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Alexander 30. May 2016

Stress Facts: The Autonomic Nervous System

Blausen_0838_Sympathetic_InnervationThe autonomic nervous system (ANS) regulates all vital functions of the human body such as breathing, water balance, digestion, metabolism and more. It’s like a mediator between these bodily processes and the brain and plays a key role in our stess response.

As the name suggests the ANS operates mostly “autonomic” and therefore unconsciously and even when sleeping. It’s actually impossible to stop essential functions like digestion deliberately.


The ANS’ regulatory power involves organs and organic systems such as the heart, the inner eye muscles, the stomach, glands and the sexual organs.

The ANS allows the body to adapt quickly to external conditions. When feeling warm, the blood circulation in the skin is raised and the perspiratory glands are stimulated in order to cool down the body.

The autonomic nervous system has a key position in relaxation and activation. Driving forces behind these modes are the two integral parts of which it consists: The sympathetic nervous system and parasympathetic nervous system.


The sympathetic nervous system (SNS) is, in brief, responsible for preparing the body for action. It controls and stimulates most of the body’s internal organs.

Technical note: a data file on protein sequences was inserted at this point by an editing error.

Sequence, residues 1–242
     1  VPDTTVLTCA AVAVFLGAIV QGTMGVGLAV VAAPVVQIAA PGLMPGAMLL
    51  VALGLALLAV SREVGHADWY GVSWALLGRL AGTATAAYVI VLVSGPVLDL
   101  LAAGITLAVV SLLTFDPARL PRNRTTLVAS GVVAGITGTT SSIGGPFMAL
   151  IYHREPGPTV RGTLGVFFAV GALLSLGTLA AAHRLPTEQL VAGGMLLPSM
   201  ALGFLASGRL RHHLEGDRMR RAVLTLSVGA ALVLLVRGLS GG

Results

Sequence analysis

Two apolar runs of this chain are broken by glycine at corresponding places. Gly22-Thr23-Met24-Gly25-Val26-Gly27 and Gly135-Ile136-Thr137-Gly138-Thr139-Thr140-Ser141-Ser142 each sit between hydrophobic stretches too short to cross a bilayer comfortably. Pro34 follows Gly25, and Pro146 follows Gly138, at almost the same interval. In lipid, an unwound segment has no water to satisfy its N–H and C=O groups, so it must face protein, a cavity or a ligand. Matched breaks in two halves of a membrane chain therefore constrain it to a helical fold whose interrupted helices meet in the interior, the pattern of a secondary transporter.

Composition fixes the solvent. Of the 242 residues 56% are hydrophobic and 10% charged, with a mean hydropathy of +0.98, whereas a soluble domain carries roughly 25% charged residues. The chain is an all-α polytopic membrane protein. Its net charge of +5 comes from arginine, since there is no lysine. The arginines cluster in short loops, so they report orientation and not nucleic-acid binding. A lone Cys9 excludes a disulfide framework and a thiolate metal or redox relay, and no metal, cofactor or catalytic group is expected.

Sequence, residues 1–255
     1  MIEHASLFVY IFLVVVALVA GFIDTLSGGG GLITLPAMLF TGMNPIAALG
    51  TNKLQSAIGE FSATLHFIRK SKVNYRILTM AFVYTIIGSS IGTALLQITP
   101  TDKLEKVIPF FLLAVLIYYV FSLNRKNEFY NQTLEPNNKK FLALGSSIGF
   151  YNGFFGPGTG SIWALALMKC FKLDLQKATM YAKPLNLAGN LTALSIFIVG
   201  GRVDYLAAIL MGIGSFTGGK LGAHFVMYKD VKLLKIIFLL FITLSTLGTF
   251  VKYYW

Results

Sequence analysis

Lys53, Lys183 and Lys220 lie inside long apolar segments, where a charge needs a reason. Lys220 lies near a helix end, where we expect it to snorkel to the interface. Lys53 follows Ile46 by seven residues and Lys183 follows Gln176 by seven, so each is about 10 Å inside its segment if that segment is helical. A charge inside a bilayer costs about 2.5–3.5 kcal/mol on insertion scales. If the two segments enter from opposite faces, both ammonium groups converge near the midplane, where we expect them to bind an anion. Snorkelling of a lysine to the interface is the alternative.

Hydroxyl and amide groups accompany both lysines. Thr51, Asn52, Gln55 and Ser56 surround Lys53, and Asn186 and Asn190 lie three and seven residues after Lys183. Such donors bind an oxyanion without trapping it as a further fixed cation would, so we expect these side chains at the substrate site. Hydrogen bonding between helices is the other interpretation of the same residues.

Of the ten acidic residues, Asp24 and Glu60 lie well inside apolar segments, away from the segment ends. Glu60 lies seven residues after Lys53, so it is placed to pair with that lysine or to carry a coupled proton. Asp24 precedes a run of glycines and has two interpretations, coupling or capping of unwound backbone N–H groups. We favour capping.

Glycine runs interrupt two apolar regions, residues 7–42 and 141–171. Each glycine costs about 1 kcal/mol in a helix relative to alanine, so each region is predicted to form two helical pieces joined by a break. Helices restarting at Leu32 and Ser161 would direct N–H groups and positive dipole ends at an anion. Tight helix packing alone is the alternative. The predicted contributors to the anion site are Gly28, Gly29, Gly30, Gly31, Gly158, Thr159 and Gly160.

When facing threats, the SNS triggers the so-called “fight-or-flight” and “freeze-and-dissociate” responses. It counteracts and also complements the parasympathetic nervous system.


The parasympathetic nervous system (PNS) also regulates the inner organs. It manages metabolism, regeneration and building up bodily resources.

Two of the most symbolic states, that sum up the PNS functions perfectly, are the “rest-and-digest” and the “feed and breed” mode. In short, it covers most tasks related to eating, drinking and sexuality but also eye muscles and the lacrimal glands.

The PNS is the part of the autonomic nervous system , that needs to be strengthened when facing anxiety and stress. Biofeedback with breathing, mindfulness trainings or meditation, Yoga and so-called light jogging.